When we got into the ER lobby, a guard tried to stop me so I could walk through the metal detector and on to triage. He took one look at me and Tru covered in blood and with a horrified look, opened the doors straight back to the rooms. I was met by several doctors immediately and by the grace of God (and the condition Tru and I were in) none of them suggested we go about this according to policy and start with triage. Instead, they ushered us into one of the big ER rooms with all the equipment, gently took Tru from me and started working on him. Someone brought me a scrub shirt so I could changed out of my bloody clothes. I still have that shirt and his pajamas. I never washed them--just left them in the big plastic bag and tucked them away with all his baby stuff.

LOOOOOONG story short, they drained his stomach, pricked and prodded him, checked him over from head to toe, took my blood in the process and were absolutely wonderful to us. Kind and caring, they kept us updated. They never asked us to leave, they let my dad and Tim stay with us as long as we wanted them to be there and helped us stay as calm as possible. Turns out, he burst a blood vessel in me while nursing (I thought nursing him was more painful than I remembered with Caroline, but who knew?) and instead of drinking breast milk, he got a stomach full of my blood. Nice, right? Sorry for the TMI. The idea of testing my blood to compare it to the blood they drained from his tummy came after them not being able to find anything wrong with him right away and wanting to rule out something benign before they started getting more aggressive with their investigation of the 4 day old baby. Praise the Lord, the blood in his stomach was mine. Other reasons for vomiting blood (especially at that young of an age) are not so good.

I met with a lactation specialist the next day and he was on formula for a few days to give me a chance to heal. I will admit that I fought emotionally holding him at arm's length after that for a few days. Loving someone that much and fearing for their life like that is hard and it took some time to breathe normally again.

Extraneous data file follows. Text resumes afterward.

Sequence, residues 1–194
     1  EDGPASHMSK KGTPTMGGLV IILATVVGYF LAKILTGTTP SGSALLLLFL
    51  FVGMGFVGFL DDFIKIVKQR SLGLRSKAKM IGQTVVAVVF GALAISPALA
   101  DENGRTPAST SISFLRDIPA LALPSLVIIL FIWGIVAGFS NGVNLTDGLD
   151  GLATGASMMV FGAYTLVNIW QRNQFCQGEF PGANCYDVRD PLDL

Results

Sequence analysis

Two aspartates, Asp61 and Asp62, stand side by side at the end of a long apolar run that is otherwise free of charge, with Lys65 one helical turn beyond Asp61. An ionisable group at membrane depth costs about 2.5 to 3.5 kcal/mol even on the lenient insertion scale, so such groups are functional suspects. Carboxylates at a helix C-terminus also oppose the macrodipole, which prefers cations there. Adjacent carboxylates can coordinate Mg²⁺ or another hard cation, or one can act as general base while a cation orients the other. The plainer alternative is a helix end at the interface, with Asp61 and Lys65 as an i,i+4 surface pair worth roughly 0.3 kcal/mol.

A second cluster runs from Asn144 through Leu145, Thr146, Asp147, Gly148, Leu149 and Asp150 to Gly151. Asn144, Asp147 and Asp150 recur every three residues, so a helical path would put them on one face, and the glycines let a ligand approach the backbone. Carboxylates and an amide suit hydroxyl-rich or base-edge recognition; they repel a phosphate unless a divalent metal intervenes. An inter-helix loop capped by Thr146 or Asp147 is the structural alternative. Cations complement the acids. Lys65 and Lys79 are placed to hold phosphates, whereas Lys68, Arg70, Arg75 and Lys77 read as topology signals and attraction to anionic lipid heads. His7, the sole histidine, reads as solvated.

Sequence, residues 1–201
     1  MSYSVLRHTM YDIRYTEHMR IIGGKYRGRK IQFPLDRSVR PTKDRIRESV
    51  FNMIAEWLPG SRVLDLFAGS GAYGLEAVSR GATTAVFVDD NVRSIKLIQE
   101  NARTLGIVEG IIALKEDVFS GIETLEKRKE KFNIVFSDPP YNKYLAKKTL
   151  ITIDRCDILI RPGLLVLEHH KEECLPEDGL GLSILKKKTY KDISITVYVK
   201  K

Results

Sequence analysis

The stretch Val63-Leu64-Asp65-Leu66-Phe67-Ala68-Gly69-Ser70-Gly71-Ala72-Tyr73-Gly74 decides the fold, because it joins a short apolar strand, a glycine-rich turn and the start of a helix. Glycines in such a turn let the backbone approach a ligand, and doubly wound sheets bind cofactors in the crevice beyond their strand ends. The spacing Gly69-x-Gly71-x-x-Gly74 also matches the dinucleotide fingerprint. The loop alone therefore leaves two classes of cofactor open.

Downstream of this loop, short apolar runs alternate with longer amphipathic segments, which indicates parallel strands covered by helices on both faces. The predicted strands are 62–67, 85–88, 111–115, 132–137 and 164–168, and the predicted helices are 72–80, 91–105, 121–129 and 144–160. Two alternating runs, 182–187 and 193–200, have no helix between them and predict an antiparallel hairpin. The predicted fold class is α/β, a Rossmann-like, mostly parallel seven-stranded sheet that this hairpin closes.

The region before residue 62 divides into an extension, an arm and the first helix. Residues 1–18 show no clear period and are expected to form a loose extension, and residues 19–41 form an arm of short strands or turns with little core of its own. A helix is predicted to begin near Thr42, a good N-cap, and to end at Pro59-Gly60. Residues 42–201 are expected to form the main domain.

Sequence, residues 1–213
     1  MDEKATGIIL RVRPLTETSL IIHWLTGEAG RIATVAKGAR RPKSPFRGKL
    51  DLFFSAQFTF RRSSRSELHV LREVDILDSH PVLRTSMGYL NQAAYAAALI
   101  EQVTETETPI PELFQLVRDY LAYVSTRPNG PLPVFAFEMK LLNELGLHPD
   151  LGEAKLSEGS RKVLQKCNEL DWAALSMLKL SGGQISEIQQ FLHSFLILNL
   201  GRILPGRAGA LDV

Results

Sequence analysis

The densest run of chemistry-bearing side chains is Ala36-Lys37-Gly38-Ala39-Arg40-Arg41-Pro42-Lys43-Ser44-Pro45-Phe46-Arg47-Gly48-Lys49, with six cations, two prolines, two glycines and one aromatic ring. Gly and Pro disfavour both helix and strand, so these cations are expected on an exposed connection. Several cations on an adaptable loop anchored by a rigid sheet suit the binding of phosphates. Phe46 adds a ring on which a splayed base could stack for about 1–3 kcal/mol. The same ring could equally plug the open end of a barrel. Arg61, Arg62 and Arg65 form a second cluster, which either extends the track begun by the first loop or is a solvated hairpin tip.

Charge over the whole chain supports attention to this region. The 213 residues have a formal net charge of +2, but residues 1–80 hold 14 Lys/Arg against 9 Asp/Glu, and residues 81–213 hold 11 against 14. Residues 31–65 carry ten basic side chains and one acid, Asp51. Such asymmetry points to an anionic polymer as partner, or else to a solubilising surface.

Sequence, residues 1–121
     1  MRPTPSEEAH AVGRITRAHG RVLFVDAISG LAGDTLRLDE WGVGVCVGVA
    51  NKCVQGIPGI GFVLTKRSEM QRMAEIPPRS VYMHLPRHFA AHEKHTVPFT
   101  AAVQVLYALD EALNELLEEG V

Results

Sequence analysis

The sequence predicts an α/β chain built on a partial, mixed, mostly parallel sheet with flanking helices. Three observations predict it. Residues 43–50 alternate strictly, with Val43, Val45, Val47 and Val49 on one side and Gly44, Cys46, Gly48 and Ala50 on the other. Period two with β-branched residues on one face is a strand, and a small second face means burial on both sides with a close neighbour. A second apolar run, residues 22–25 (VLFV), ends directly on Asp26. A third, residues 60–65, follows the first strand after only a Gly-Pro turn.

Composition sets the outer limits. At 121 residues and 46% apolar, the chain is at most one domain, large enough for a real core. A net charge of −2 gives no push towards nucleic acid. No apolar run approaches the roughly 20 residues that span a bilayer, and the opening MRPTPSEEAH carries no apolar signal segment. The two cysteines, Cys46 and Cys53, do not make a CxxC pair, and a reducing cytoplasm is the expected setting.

Tru's first year was a roller coaster. Literally, the week we paid that ER bill, we were back in the ER because he wasn't breathing. Once again, we drove like maniacs to the hospital and bipassed the guard station and triage. Paid that bill and he went back for croup. Paid that bill and he went back for bronciolitis. I told the lady at check in that time, that we would NOT be paying this bill because it was bad luck. They would have to get over it--I was tired of taking my baby to the hospital.

But, oh my, that sweet boy. He is so smart and so funny. He belly laughs so hard at things, that you would have to be made of stone NOT to laugh too. He is sensitive and affectionate. He looks so handsom and adorable in his glasses. He LIKES to be different--he cannot stand dressing anything close to the same way as Bo for anything. He wants to keep his glasses and never get contacts because he loves being a little different. He has a great sense of humor and can figure things out that still stump me. In the last few months, he has really been stepping up his responsibility game and is waking himself up and laying his clothes the night before. He is an outstanding kid!

Tru Budders, I love you so much. Daddy and I are so proud of you and so fortunate to get to be your parents. You are going to do great things and you are going to be a man of God. Happy Birthday! I can't wait to celebrate you at LEGO LAND!!!!!!!!!!!